Whiche were a cause of greate iniquite : 

For riche mennes goodes I must ofte translate. 

Unto the poore, them for to elevate. 

And thyrdely; I shoulde lese my name, 
For this worde fortune is well derifyde 
Of an accydent chaunge, both good or shame, 
Whan that the deade is so exemplify de; 
Wherfore by reason I must be duplifyde; 
And nothing stable in myne hye werke, 
As wryteth many a ryght noble clerke. 

Therfore by reason I must be mutable, 
And turne my whele right ofte up so downe, 
Labouringe in werkes whiche are unstable, 
On some to laughe and on some I must frowne; 
Thus all aboute in every realme and towne, 
I shew my power in every sundry wyse, 
Some to descende and on some to uryse. 


Wherforc my power doth ryght well excell 

Above the, Mars, in thine house enclosed; 

For to rule man tliou hast power never a dele, 

Save after the somwhat he is disposed: 

Thy consolacion hath him so apposed 

Who under the taketh his nativitie, 

Yet God hath gyven him power to rule the. 

Wherfore I am of a ferre hyer power 
Than thou arte; for there is no defence 
Agaynst my wyll at any time or houre; 
And in my name there is a difference, 
For in these wordes in my magnifycence 
Predestinate, and also desteny, 
As I shall shew anone more formably. 

Predestinate doth right well signify 
A thing to come, whiche is prepared: 
None but God doth know it openly, 
Tyl that the dede caused to be declared; 
For many one, whan they well fared, 
Full lytell thought that tribulacion 
To them was ordeyned by predestinacion. 

1 / The desteny is a thyng accydent, 

And by the werke doth take the effecte; 
Tyll it be done it is ay precedent, 
And man from it can him selfe abject. 
Thus evei'y chaunce doth Fortune derecte. 
Wherfore, by reason, La Graunde Amoure 
Must sue unto me to do him socour. 


Aha! quod Mars, suclie a one as thou 

I never knew before this ceason; 

For thou thy selfe doost so much enprou 

Above the havens by exaltacion; 

But what for all thy commendacion? 

Arte thou now any thing substanciall, 

Spirituall, or els yet terrestryall? 

How can a werke perfitely be grounded 
But in these two? and thou arte of those: 
Wherfore for nought thou mayst be confounded; 
For nought in substaunce can nothing transpose; 
Of none effecte thou canst thy selfe disclose; 
How hast thou power, in any maner of case, 
In heven or earth without a dwellyng place? 

But that poetes hath made a figure 
Of the, for the great sygnification 
The chaunge of man so for to discure, 
' Accordyng to a moralyzacion; 
And of the trouth to make relacion, 
The man is fortune in the propre dede, 
And not thou that causeth hym to spede. 

What nedeth liim unto his selfe to sue, 
Sythen thou art the dedes of his chaunce; 
Thou to rule man, it is a thynge not true, 
Nowe wherupon doth hange this ordeuaunce, 
But accedent upon the governaunce 
Of the hye bodis, whiche doth man dispose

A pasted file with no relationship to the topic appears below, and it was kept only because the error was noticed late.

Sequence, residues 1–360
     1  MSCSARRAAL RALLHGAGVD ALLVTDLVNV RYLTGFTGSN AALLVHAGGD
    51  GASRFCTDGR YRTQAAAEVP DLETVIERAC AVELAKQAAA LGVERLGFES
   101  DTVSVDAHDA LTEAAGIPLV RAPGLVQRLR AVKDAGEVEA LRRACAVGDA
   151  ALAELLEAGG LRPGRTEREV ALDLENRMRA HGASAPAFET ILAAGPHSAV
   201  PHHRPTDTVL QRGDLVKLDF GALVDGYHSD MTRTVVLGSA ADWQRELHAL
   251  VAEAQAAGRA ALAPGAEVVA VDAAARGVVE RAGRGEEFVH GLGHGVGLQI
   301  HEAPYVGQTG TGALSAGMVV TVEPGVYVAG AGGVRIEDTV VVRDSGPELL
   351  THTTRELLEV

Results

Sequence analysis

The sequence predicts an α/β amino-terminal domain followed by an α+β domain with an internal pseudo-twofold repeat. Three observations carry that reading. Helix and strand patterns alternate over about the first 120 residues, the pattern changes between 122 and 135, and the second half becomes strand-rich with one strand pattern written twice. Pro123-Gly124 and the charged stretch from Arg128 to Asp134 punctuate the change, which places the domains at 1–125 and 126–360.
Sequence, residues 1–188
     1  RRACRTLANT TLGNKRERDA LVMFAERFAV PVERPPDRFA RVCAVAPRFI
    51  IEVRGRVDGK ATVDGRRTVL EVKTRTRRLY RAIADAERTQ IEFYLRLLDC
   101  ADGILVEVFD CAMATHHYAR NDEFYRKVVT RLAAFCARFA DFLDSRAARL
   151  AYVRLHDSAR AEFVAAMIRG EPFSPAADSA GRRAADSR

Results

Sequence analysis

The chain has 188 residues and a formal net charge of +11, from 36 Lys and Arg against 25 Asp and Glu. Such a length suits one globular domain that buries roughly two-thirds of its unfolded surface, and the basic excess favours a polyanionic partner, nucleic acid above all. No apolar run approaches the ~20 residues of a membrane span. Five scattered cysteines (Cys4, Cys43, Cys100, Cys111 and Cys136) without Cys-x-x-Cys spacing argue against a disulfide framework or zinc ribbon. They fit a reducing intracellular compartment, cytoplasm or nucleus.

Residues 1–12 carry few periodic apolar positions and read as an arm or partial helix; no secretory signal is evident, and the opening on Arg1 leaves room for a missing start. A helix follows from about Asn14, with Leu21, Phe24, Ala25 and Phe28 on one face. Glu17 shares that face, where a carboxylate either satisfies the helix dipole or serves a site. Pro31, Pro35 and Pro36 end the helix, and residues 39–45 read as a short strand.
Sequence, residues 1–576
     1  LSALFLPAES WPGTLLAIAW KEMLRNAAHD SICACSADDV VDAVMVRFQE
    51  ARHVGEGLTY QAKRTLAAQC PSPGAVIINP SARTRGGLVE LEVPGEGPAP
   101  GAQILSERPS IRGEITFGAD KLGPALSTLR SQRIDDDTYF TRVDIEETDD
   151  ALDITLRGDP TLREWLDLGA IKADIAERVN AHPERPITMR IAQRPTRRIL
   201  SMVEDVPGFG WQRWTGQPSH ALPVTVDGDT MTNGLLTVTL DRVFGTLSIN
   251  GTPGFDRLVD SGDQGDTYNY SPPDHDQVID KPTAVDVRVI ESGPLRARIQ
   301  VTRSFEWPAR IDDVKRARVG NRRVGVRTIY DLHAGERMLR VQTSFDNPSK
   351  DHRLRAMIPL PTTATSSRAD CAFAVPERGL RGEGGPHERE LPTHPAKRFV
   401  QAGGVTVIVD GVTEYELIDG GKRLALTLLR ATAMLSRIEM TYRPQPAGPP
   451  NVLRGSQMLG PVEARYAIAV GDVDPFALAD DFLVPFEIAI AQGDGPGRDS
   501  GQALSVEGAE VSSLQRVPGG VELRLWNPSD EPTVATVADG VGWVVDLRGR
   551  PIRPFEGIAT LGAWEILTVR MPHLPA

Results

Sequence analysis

The dede to do as hym lyst purpose. 


To here of Mars the marveylous argument, 
And of Fortune, I was sore amased; 
Tyll that I sawe a lady excellent, 
Clerely armed, upon whome I gased. 
And her amies ful prevely I biased: 
The shelde of golde, as I well understande, 
With a lyon of asure through passande. 

To me she came, with lowely countenaunce. 
And bad me welcome unto that mancion, 
Ledyng me forth wyth joy and pleasauncc 
Into an hall of mervaylous facion. 
Right strongly fortyfyde of olde foundacion. 
The pillers of yvery garnished with golde, 
With perles sette and bi-oudred many a folde. 

The flore was paved with stones precious, 

And the rofe was braunched curiously 

Of the beten golde both gaye and glorious, 

Knotted with pomaunders right swetely, 

Encencing out the yll odours misty; 

And on the walles right well did appere 

The sege of Thebes depaynted fayre and clere. 

There were knightes playeng at the chesse, 
Which saw Minerve lede me in the hall; 
They lefte their play and all tlieyr besines, 
And welcomed me right gentely withall. 
With sir Nurture than moost in special!, 
Accompanied of his brother Curtesy; 
They made me chere than full effectuall. 


And after that they brought me up a stayre, 

Into a chambre gayly glorified; 

And at the dore there stode a knight right fayre, 

Ye cleped Trouth, right clerely purified; 

His countenaunce was right well modified; 

To me he sayde that, before mine entres, 

Him for to love I should him promes. 

Of ryght, he sayde, I have in custody 
This chambre dore of king Melezius, 
That no man enter into it wrongfully, 
Without me, Trouthe, for to be chivalrous; 
Here knightes be made to be victorious. 
I shall you promise, quoth I, faythfully. 
You for to love and serve prudently. 

Abyde, quod he, I wyll speke with the kynge; 

Tell me your name and habitation, 

And the chefe cause now of your coming, 

That I to him may make relacion. 

To knowe his minde without variacion. 

La Graund Amour my name is, sayd I; 

The cause of my coming, intentifly, 

Is for bicause that I have enterprised. 
Now for the sake of fayre La Bell Pucell, 
To passe the passage that I her promised 
That is so daungerous with serpentes cruell; 
And for as much as I know never a dell 
The festes of armes to attayne lionoure, 
I am come to lerne with diligent labour.